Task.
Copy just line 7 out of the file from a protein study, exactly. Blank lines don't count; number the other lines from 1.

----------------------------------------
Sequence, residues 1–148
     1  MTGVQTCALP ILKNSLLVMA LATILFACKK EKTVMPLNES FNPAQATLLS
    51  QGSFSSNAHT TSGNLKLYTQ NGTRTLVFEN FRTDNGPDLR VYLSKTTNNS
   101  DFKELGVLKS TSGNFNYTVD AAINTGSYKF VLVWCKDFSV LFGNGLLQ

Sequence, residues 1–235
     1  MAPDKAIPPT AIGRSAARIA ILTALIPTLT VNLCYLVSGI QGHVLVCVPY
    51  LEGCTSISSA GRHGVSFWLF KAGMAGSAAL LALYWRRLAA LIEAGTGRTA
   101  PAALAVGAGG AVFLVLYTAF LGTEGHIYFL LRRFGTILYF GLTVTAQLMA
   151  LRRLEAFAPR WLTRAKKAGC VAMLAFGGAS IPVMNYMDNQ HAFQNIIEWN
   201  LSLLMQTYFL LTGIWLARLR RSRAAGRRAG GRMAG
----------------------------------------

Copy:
    51  LEGCTSISSA GRHGVSFWLF KAGMAGSAAL LALYWRRLAA LIEAGTGRTA